One IOTA? Blockchain in a Tangle?

Following a previous article on the crypto-currency boom, this article takes a more in-depth look at one of the upstart challengers to Bitcoin's current status as the market's leader, IOTA.

Unlike other Cryptocurrencies, IOTA is not based on Blockchain technology, but on a structure called Tangle, which is based on a directed acyclic graph (DAG). Although DAG is difficult to put in layman's terms, essentially it means IOTA's underlying structure is interrelational and tree-like, as against the direct linked chain system of Bitcoin and its peers.

Two things mark IOTA out as an interesting proposition for a crypto-currency investment, the fact that Tangle is scalable and has no transaction fees, and the fact that the start-up currency, as its name refers to, is built for a purpose: the Internet of Things (IoT). 


The Internet of Things & Tangle

The IoT is a buzzword that has been growing and growing in its ubiquity for years. Of late, the underlying IoT market, however, has really started to take off. The IoT is, for those who don't know, precisely what it sounds like, the connection of non-IT specific objects to the internet in order to improve their functionality. Think Smart Applications: Smart-kitchens, trackers, lighting systems, thermostats, home-energy monitors, or, of course, Amazon's Echo and Alexa.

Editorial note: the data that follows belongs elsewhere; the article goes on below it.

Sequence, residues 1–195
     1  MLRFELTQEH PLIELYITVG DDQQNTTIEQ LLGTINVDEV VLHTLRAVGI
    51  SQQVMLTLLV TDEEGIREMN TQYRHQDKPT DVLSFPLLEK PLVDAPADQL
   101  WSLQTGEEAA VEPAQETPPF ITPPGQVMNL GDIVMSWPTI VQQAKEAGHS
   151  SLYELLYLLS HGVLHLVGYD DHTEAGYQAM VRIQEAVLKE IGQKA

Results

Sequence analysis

The IoT market is set to experience huge growth over the next few years, growing at a CAGR of 28.5%, approaching a total value of $460bn by 2020. What the IoT needs, however, is a ledger of the micro-transactions the eco-system will employ, for purposes including security, machine to machine transactions, and automated process execution. 


Currently, a huge number of firms are investing in Blockchain technology (as used by Bitcoin) as an encrypted ledger system. This technology, however, runs into two problems when dealing with the huge degree of scales the IoT is likely to need.

First of all, given Bitcoin's total quantity-cap, and the high level of data-mining and administration required, transaction fees are likely to rise, undermining the benefit of making small-scale transactions, one of the currency's selling points.

Secondly, Bitcoin is not necessarily wholly scalable. It is arguably more a proof of concept that has taken off like a rocket. The currency's continued demand for ever more processing power, so that its transactions can be processed, is a worrying longer-term warning bell.

Presently there are, for instance, over 152,000 unconfirmed Bitcoin transactions, although to be fair they are being processed at a rate of 11 per second. Yet, given the fact that micro-transactions, and indeed the day to day person to person transactions we might want a crypto-currency to handle, are likely to require rapid confirmation and approval, and are also likely to grow significantly in number, a lack of scalability in terms of both size and speed is a significant weakness of the present Bitcoin protocols.

IOTA tangle